Formation of soft rot cavities in various cellulose fibres by Humicola alopallonella Meyers & Moore
The ability of the soft rot fungus Humicola alopallonella Meyers & Moore to form cavities in various cellulose fibres has been studied. The following fibre materials were tested: wood of aspen, beech, birch, pine and spruce, three sulphate pulps with different lignin content, spruce holocellulose, Avicel, Sigmacell T38, flax, jute, ramie, sisal, cotton, kapok, seed hairs of Salix pentandra L, and two viscose rayon fibres. In addition the degradation of cellophane was studied. Typical soft rot cavities were formed in all the natural fibres except for spruce holo cellulose tracheids. The cavity formation in fibres like Avicel, Sigmacell T38 and cotton which contain no or possibly minute amounts of lignin and hemicelluloses, shows that these substances are not needed for cavity formation per se. The shape of the cavities is rather similar in all the natural fibres, indicating that the explanation of the form of the cavities must be sought in the crystalline structure of the cellulose. Various aspects of the process of cavity formation are discussed in the light of the new findings.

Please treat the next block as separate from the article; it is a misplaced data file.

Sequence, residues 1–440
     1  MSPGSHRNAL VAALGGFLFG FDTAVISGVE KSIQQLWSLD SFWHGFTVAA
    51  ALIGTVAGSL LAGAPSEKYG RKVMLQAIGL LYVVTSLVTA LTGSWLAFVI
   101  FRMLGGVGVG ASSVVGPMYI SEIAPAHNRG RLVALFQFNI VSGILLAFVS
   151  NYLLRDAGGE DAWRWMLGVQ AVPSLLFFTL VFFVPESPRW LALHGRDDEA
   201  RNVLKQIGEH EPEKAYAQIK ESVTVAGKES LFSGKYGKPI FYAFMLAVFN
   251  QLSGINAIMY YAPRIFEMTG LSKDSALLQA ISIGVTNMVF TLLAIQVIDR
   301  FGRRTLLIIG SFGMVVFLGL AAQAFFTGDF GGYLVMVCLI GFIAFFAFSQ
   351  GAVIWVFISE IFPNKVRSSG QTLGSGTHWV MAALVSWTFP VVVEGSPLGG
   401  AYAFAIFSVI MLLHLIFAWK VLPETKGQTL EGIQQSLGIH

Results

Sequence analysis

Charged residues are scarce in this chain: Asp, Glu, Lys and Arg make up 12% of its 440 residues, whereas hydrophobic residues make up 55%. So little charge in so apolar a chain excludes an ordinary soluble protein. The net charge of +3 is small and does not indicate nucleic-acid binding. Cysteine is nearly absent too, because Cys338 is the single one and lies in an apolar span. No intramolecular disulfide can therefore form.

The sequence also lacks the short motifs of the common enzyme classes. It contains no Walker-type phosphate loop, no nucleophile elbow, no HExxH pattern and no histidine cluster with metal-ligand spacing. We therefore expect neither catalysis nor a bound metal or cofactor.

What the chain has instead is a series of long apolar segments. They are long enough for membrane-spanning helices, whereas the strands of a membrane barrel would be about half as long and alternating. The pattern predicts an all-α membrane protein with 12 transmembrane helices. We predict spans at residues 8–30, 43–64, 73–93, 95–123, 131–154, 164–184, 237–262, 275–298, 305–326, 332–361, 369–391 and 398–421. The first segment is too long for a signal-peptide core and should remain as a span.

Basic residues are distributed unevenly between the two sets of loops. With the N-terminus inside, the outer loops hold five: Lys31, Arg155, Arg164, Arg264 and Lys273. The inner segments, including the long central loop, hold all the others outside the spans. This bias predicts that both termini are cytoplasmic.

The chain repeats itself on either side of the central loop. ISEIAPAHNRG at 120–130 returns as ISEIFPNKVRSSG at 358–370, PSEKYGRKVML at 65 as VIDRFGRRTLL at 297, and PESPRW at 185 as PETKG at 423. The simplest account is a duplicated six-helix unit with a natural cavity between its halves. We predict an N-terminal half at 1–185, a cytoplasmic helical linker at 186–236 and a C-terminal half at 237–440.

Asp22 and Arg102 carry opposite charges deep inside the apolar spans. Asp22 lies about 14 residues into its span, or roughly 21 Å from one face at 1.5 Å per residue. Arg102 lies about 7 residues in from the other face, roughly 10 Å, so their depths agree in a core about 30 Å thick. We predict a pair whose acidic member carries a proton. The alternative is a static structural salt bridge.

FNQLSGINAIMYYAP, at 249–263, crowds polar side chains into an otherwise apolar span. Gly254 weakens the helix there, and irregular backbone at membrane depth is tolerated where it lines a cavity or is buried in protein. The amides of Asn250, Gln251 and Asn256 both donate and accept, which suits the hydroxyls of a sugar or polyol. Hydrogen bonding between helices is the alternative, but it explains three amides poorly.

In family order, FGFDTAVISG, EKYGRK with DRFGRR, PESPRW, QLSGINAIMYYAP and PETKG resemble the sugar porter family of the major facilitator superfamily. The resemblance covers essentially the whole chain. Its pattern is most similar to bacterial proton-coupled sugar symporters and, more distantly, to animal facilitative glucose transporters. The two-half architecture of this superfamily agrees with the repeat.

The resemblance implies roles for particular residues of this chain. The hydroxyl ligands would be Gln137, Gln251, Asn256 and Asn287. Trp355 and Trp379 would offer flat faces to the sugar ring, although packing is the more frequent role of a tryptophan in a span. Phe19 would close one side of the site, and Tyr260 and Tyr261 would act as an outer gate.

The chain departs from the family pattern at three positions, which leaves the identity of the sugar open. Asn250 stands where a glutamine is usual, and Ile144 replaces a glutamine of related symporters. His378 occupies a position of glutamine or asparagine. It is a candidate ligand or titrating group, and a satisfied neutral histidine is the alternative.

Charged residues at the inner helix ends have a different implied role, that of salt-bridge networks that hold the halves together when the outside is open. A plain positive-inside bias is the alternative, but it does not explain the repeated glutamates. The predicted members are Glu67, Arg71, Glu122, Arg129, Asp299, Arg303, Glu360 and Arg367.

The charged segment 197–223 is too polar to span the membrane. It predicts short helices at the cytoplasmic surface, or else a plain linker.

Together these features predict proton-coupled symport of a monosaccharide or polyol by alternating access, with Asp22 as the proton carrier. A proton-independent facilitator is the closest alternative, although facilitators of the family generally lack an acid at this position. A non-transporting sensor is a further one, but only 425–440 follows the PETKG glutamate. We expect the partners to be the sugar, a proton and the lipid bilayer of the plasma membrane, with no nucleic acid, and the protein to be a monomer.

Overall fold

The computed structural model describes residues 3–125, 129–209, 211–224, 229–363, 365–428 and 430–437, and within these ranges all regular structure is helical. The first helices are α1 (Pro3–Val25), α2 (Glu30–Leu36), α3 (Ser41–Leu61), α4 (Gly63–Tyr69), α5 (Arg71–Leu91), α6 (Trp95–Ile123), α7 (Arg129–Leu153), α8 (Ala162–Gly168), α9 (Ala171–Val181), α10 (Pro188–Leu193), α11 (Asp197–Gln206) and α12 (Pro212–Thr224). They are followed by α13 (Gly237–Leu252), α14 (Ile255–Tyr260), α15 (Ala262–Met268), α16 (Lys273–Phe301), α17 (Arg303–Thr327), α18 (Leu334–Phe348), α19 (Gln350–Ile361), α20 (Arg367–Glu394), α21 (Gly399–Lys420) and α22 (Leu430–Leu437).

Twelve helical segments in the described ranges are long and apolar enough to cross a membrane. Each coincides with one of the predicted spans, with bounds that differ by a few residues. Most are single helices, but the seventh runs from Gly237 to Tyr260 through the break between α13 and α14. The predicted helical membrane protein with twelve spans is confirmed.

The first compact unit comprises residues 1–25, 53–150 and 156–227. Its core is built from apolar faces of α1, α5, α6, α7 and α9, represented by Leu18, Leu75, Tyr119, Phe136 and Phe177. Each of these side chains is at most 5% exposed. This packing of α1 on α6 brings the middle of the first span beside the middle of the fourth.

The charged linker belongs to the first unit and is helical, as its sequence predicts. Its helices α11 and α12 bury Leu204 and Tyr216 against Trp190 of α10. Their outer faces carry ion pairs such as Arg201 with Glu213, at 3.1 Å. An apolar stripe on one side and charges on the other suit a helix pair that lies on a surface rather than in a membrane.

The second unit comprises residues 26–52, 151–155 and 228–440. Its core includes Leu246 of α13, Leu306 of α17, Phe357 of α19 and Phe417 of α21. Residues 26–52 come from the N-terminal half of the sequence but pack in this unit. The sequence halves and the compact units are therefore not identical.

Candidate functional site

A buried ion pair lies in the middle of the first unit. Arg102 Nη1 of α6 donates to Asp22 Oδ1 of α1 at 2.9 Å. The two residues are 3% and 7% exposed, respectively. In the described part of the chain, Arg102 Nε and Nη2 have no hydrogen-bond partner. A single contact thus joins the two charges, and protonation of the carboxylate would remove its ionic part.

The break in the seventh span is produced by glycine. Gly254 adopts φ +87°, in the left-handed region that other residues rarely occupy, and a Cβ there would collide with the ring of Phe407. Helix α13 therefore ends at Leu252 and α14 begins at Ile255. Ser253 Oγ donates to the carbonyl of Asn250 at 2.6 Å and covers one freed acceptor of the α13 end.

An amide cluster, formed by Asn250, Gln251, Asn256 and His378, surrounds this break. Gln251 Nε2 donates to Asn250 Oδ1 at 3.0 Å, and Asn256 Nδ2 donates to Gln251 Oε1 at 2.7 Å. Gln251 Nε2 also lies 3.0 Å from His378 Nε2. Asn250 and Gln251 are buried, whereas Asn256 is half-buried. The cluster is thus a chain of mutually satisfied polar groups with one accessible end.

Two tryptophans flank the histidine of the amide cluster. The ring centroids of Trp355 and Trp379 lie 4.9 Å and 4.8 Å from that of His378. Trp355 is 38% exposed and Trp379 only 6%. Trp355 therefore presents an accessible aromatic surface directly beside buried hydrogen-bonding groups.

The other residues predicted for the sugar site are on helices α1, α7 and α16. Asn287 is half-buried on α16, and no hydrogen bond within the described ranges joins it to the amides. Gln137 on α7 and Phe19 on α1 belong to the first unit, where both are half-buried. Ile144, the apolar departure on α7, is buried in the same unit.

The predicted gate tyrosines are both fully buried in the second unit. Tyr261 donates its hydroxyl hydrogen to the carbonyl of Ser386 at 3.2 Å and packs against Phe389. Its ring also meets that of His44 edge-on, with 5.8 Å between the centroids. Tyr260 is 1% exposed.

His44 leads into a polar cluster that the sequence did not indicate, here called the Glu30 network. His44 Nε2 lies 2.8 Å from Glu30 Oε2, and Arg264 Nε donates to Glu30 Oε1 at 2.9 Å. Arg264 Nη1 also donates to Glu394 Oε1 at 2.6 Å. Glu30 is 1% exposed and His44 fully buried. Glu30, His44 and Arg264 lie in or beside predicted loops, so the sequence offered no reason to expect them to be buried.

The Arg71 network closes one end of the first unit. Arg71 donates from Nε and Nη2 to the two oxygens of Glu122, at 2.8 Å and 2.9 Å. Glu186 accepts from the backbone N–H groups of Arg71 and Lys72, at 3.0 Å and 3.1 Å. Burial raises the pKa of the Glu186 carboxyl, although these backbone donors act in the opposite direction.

soft rot fungi; cellulose fibres
Studia Forestalia Suecica
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